Cocktail Sauce (3 or 4 jars about 8oz size)

In large pot put 3 1/2 gal water, add potatoes and seasoning, cover, bring to boil for 5 mins. then add corn halves and sausage return to boil for 10 minutes or potatoes are tender, add shrimp cook for 3 to 4 mins or shrimp is pink, drain and scoop out on to newspaper, Serve with cocktail sauce and beer!

Well, beer is optional, it just makes it better in my opinion. For beer on hand I decided to go with something you can’t get too many other places – assorted Jekyll Island brews from Alpharetta, GA, some Allagash White from Maine (my current favorite), and Monday Night Brew Club’s assorted selection, another Atlanta-based craft brewery (Drafty Kilt is damn good). 

Dan’s Guacamole

10 avocados
2 large tomatoes
Tony Chachere’s Creole Seasoning (original flavor)
Fine ground red cayenne pepper
Ground pepper
Fruit fresh preservative
Valentina’s Hot Sauce (Note: very important; you can sub out with another hot sauce but it ruins the taste. Red or Black Valentina’s is fine)

Start out by scooping all the avocado out of the shells into a bowl using a spoon. Dispose of the pits and shells being careful to not get the hard nubs from the ends of the shells into the bowl. Mash all the avocados with a fork until the consistency is a paste; you’ll still have a couple small chunks in there which is ok. Add in a tablespoon of Valentina’s, dust with the Fruit Fresh, salt, and pepper, and then add in about a teaspoon of Tony Chachere’s and a teaspoon of the the red cayenne pepper. Exact measurements aren’t really necessary; essentially add everything in to get the right balance of taste for immediate hot, middle hot, and what I call ‘the backend’. The three spices used (hot sauce, red cayenne pepper, and Tony Chachere’s) breaks down like this:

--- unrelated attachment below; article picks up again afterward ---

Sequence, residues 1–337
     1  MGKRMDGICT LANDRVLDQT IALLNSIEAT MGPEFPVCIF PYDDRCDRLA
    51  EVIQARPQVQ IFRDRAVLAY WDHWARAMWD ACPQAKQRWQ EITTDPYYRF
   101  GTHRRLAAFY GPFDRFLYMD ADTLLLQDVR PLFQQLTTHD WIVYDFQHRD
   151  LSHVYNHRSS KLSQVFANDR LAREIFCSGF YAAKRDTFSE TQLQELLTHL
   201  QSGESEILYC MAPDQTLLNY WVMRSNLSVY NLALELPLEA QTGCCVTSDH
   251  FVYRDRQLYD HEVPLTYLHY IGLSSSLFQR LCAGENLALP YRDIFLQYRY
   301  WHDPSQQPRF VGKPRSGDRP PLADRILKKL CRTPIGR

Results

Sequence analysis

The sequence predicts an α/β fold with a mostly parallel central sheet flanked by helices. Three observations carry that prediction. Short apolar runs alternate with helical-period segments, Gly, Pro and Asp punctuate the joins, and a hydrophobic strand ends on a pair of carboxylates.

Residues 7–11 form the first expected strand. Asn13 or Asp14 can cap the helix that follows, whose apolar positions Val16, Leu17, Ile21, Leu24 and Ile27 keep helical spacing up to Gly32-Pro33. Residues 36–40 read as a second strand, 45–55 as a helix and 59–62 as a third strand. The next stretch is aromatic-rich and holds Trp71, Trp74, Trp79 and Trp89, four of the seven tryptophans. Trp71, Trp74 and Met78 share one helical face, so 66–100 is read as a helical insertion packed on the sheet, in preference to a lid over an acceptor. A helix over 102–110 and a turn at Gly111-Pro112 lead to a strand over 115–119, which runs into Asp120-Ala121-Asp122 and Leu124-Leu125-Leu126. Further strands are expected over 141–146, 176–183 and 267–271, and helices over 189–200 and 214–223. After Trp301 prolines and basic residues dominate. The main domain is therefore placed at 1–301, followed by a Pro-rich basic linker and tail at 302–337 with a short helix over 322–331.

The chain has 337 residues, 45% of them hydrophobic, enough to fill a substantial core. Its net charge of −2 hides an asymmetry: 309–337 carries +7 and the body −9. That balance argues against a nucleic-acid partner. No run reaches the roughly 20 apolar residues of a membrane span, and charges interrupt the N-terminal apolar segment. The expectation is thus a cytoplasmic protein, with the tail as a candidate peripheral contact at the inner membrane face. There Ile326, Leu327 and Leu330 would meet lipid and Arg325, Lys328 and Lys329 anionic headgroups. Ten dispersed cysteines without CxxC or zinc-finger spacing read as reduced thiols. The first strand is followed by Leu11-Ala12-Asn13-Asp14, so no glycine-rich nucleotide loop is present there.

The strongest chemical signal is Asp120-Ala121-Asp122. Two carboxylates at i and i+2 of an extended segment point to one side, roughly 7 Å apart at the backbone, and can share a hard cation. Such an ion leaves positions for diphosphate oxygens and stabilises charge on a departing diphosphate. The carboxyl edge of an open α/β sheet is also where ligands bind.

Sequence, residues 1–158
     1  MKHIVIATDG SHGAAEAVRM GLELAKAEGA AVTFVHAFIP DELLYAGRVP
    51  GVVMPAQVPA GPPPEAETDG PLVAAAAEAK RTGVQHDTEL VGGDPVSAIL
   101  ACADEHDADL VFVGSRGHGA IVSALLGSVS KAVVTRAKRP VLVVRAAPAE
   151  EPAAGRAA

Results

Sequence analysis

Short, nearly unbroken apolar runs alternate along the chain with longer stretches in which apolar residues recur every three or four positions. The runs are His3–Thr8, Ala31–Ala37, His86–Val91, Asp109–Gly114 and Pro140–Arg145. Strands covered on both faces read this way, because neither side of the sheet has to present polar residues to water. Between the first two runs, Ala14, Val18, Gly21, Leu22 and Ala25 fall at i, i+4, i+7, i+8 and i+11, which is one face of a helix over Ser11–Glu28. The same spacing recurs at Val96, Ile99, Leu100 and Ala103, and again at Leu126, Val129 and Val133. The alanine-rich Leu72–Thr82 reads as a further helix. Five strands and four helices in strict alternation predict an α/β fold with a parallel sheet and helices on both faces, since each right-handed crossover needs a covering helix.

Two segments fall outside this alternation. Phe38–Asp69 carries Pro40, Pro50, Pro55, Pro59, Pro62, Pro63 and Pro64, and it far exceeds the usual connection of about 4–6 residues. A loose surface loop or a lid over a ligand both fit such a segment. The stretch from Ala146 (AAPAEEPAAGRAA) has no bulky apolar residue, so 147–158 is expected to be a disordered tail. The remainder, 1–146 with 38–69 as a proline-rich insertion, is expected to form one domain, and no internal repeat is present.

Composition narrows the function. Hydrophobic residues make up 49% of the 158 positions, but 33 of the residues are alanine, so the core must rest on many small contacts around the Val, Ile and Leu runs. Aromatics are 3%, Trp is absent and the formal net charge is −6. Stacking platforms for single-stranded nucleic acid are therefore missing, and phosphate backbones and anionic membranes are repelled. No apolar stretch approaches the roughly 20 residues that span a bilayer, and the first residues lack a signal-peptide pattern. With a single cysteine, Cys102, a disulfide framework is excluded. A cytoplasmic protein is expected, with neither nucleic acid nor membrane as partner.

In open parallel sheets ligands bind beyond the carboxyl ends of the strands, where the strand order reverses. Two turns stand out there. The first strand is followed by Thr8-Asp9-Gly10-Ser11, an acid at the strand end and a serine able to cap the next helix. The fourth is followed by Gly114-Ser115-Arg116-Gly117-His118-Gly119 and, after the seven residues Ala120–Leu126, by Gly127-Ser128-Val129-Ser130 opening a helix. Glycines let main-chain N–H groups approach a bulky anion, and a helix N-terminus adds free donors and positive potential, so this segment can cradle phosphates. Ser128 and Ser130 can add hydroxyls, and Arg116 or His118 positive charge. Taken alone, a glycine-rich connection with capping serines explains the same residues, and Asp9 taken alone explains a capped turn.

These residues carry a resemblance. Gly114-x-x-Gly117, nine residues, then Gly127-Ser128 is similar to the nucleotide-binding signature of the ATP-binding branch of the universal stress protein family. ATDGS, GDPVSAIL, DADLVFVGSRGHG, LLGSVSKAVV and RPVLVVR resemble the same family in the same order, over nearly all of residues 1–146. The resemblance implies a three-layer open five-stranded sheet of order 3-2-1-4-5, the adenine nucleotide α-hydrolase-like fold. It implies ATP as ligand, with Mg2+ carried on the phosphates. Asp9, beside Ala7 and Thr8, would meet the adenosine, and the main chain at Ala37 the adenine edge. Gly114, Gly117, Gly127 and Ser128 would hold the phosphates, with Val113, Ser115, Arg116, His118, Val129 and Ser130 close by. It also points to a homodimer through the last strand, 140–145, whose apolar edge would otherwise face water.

• If you want the bite of guac to be hot when you first bite into it, add more Valentina’s hot sauce. This is the “hot” you initially feel on your tongue.
  • If you want the bite of guac to be hot about 3 seconds into the bite when you’re chewing the chip, add more red cayenne pepper.
  • If you want the bite of guac to have that hot sensation after you’ve swallowed then add a little more Tony Chachere’s.

Don’t worry if you don’t get it right out of the gate, I rarely do. I just grab a chip and taste test to perfection, going slowly and adding in each of the three spices until I hit the mix I’m looking for. Once you have the balance right and it’s just hot enough, dice up the tomatoes being careful to capture all the tomato juice you can as you cut. A cutting board with curved edges works great for this. Once cut, dump it all into the bowl with the avocado and spices and stir. The tomato and the juice act as an acid to balance the base from the cayenne peppers and hot sauce (which is also made with cayenne peppers) and will make it seem less spicy than without the tomato. If you really screw up and add too much spice, just dump in another tomato.

I love cooking with science.

So with all that said, Friday night wrapped up and we were all set for Saturday. I took one last picture of all the girls in bed for the night.

All the girls down for the nightDaniel